Although not a new practice, the application of geofencing continues to increase in sophistication and expand into personal space on an unprecedented scale, jumping beyond commercial retail advertising schemes and diving into the depths of employment, health care, law enforcement, and politics. As the growth of these applications prompt privacy and security concerns, including government surveillance concerns, regulations lag and may be further delayed considering lawmakers’ very use of geofencing to win a governing seat.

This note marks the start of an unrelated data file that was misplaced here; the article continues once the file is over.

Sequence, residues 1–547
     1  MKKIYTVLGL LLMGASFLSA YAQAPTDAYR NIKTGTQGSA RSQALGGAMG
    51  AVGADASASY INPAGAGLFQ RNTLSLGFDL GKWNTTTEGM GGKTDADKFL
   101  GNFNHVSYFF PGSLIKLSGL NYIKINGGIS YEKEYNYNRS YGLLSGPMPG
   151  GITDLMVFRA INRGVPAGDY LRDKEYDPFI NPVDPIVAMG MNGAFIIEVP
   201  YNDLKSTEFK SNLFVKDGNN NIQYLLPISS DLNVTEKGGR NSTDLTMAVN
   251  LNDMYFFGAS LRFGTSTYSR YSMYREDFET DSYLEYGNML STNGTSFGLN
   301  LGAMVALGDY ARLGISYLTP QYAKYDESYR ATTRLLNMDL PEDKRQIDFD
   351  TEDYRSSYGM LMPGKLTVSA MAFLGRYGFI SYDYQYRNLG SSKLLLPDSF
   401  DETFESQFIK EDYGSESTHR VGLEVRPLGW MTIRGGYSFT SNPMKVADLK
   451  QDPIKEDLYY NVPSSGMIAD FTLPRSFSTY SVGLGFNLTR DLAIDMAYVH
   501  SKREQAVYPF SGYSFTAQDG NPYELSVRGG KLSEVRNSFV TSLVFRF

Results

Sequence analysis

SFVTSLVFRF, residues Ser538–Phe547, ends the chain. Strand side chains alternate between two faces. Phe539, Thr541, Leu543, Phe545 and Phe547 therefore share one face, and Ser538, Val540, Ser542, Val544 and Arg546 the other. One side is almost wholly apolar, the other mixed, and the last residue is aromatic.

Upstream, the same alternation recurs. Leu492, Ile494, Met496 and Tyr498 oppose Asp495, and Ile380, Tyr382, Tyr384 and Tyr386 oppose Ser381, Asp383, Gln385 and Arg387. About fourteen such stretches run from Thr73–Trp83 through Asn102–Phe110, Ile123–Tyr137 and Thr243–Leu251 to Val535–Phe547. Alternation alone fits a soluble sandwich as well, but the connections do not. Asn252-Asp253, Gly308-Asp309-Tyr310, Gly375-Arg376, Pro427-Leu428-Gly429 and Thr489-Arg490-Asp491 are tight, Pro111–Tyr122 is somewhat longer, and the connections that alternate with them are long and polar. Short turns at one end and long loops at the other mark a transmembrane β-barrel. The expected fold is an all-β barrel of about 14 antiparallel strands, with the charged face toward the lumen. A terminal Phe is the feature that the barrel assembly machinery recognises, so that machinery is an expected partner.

Geofencing is the practice of using wireless internet, cellular data, global positioning system (GPS) or radio-frequency identification (RFID), or a combination of such technologies, to create a virtual boundary around a particular geographic area. When a smart-phone, tablet, or other targeted device crosses over the geofence perimeter, it triggers a response from the geofence software. So-called “active” geofencing technology powers things like home applications or “apps” that automatically adjust ambient temperature and lighting when a person enters their house. “Passive” geofencing technology is used to both (1) push advertising and other information to consumers through social media apps and other channels and (2) monitor or pull information about a consumer’s habits. Continue Reading Mending (Geo)fencing Concerns